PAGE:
|carrot salad with garlic yogurt/yoğurtlu sarımsaklı havuç|
Yogurt is a fact of life if you live here in Turkey. You will find it everywhere sold in containers so large it’s hard to imagine that anyone can possibly eat their way through one.
But even in our household, we get through one regular-sized carton every single day.
The essential Turkish yogurt is always plain and always eaten as a savoury. Only now is it available with fruit and therefore as a sweet but this is that bad ole foreign influence! I myself have totally lost the taste for yogurt as dessert even though in those early days, I used to yearn for it. Goes to show, you can get used to anything.
It is often used as a basis for cold meze: mixed with crushed garlic and a little olive oil, it can go a long way.
Here are some typical examples:
- Cacık [pron: jajik]: chopped or grated cucumbers with dried mint or fresh dill, more often eaten in summer than now, eaten with a spoon
- *Haydari [pron: high/da/ree]: a classic yogurt dip with mint and garlic
- Eggplant salad/patlıcan salatası a firm favourite at the meze table
* haydari differs slightly in that the yogurt must be süzme or strained. In other words, it shouldn’t be too watery. Click on How to … or at the top of this blog to find out how to make your own. It’s easy, very easy ….. but even easier just to pop out and buy it all ready whey-free!!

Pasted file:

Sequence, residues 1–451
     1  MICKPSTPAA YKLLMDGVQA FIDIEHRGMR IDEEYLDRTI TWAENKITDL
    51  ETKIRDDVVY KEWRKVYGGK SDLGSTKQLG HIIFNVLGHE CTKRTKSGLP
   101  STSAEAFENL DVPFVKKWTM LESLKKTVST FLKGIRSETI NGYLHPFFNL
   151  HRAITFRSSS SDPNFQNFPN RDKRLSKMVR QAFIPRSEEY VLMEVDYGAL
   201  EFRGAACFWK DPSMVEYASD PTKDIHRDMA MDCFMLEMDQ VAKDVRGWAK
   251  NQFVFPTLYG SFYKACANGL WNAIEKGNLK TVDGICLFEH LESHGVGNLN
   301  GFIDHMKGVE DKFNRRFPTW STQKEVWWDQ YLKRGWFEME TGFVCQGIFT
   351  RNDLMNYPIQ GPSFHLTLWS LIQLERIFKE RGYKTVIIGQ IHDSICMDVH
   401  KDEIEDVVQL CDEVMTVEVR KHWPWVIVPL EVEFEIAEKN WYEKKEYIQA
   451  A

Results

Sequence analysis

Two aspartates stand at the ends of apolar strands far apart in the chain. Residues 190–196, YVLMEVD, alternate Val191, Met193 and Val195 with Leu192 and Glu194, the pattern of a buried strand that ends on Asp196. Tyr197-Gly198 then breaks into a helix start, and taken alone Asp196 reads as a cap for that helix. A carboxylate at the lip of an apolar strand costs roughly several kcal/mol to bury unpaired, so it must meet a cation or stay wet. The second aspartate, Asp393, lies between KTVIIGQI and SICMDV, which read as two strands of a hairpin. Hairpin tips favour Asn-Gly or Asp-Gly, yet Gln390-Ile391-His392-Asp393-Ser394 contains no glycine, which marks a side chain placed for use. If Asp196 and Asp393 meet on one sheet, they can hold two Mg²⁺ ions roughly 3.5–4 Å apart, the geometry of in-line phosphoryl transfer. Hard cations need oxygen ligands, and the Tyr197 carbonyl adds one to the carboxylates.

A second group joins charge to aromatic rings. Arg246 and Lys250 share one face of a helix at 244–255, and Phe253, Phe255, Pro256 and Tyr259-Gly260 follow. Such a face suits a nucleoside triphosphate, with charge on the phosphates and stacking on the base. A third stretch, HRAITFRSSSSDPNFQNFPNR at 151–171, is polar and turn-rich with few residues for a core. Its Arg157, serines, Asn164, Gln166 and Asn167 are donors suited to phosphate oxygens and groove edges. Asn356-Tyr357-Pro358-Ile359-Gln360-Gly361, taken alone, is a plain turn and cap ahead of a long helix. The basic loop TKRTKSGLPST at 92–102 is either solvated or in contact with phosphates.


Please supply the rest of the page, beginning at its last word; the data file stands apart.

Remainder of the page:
|I’m not promoting this particular brand over any other: this is just to show what to look for when|
you are at the supermarket
This simple yet delicious recipe for carrots in a garlic-infused yogurt dressing uses a ‘thick, creamy yogurt’ or indeed, süzme.
I have some slight reservations though: many of the Turkish recipes for this meze involve either half cooking the carrots first or else grating them and then gently frying in olive oil. My natural inclination – and one that I have been following for years – is to simply grate the carrots and add them to the garlic-infused yogurt along with a swirl of olive oil. The other very Turkish addition is that of sugar: I did add it today but honestly next time, I won’t. I don’t think it adds particularly to the taste of this salad and I actually prefer it without.
|I love that vibrant colour|
This issue of adding sugar to various meze does crop up. Last night we had dinner at one of the Turkish cousins’ and she had added sugar to the fava or broad bean purée – I couldn’t detect it; another cousin adds loads of sugar to her enginar or artichokes in olive oil and it makes a fantastic difference – it’s delicious! We discussed this havuç salatası and they thought it should be added so that’s why I thought I would give it a try. I do add sugar to tomato-based recipes BTW.
- In a deep frying pan, over a low heat, lightly sauté the carrots in the olive oil. Add the salt and sugar, cook them down to half their original volume, still retaining their crunchiness, and set aside to cool.
|like this …|
- Stir the yogurt and garlic together until smooth and creamy.
|and like this …|
- Transfer the carrots to a glass serving bowl and when cool, pour the yogurt over. Alternatively, stir the yogurt into the carrots and serve on a platter. Refrigerate until required.
- Serve garnished with sprigs of parsley or simply chopped parsley, and a sprinkling of paprika flakes if desired.